5. "Improve constantly and forever every process for planning, production and service."
  6. "Institute training on the job."
  7. "Adopt and institute leadership."
  8. "Drive out fear."
  9. "Break down barriers between staff areas."
  10. "Eliminate slogans, exhortations and targets for the workforce."
  11. "Eliminate numerical quotas for the workforce and numerical goals for management."
  12. "Remove barriers that rob people of pride of workmanship, and eliminate the annual rating or merit system."
  13. "Institute a vigorous program of education and self-improvement for everyone."
  14. "Put everybody in the company to work accomplishing the transformation."

Some of those points seem opposed to metrics, which isn't always the stance of the Peopleware authors:

"Gilb's Law: Anything you need to quantify can be measured in some way that is superior to not measuring it at all." (page 58)

Hiring and development

The authors seem generally capable of holding two opposed ideas at the same time, and this is especially true in their takes on hiring and development of employees.

"... managers are unlikely to change their people in any meaningful way. ... If they're not right for the job from the start, they never will be." (page 94)

"At Southern California Edison some years ago, the person in charge of all data processing began as a meter reader. At EG&G, there was a program of retraining administrative staff to become systems analysts. At the Bureau of Labor Statistics, philosophy Ph.D.s are hired to become software developers and the retraining starts with their first day on the job. At Hitachi Software, the chief scientist has as his principal function the training of new hires. At Pacific Bell, a main source of new systems people is the retrained lineman or operator." (page 123)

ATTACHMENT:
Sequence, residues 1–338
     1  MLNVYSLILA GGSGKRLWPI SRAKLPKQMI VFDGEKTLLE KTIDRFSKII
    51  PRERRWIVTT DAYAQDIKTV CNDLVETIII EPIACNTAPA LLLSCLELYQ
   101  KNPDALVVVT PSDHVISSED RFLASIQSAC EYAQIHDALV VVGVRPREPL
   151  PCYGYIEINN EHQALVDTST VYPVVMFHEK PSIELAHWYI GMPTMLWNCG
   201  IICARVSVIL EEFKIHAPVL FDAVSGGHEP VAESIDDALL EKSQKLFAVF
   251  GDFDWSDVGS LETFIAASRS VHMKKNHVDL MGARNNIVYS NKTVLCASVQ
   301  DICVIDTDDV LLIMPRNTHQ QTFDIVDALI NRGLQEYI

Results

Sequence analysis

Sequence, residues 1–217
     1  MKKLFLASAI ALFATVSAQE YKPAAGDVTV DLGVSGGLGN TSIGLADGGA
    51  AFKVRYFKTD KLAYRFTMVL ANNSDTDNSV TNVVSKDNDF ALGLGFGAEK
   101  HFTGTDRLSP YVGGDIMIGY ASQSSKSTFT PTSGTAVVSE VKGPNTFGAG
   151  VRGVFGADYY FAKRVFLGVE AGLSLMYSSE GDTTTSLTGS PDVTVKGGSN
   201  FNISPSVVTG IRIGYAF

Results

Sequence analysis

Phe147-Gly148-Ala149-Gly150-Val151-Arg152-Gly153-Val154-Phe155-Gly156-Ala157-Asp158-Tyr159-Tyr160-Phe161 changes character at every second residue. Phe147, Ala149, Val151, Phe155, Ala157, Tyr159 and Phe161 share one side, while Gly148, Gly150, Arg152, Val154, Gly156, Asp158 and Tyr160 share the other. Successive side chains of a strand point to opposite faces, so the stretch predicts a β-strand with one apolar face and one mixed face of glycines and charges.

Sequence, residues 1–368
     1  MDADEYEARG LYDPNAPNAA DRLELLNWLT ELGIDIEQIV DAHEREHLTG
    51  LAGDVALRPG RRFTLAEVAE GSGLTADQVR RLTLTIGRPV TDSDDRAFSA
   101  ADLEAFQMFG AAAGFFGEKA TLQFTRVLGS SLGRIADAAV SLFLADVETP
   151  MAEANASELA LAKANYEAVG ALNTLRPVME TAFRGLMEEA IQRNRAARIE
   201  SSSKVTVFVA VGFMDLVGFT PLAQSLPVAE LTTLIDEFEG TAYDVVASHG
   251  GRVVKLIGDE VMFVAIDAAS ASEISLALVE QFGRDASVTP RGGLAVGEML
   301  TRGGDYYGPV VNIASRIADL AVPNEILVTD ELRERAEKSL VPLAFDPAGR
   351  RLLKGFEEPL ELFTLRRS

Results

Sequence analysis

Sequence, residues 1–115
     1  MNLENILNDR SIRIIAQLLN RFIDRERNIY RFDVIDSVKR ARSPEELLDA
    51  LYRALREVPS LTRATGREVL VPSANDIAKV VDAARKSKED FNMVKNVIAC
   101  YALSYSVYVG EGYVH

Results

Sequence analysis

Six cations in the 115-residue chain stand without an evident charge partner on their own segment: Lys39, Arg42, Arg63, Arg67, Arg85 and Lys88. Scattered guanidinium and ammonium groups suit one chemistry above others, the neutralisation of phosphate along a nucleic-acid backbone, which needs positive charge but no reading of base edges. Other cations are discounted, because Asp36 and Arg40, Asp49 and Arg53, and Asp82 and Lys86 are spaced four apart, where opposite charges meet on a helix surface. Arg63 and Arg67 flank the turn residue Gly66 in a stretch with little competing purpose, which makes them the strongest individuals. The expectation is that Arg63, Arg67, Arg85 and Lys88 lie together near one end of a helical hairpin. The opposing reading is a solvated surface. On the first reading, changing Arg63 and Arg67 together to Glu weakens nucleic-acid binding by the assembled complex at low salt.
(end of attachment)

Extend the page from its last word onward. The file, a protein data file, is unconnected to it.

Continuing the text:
"If your staff isn't up to the job at hand, you will fail. Of course, if the people are badly suited to the job, you should get new people. But once you've decided to go with a given group, your best tactic is to trust them. Any defensive measure taken to guarantee success in spite of them will only make things worse." (page 144)

This is an interesting apparent tension.

Signs of age, signs of prescience

Peopleware was updated in 2013, but it isn't completely modern. Innocuously, it refers to the Eagle project as if everyone knows it. More unfortunately, it uses "open kimono" as if there's no reason not to.

The authors rail against the interruptions of the telephone. At least for me, this is dated. They're right, phones are awful, but everybody knows this now and I can't remember the last time somebody called me for work.

They emphasize the importance of uninterrupted work time and flow in a way that is pretty well known now, I think. Paul Graham's 2009 Maker's Schedule, Manager's Schedule is one related popularization.

The authors don't comment at all on remote work, which I think is unfortunate.

Two more quotes

"There is very little true teamwork required in most of our work." (page 136)

"Managers are often not true members of their teams" (page 137)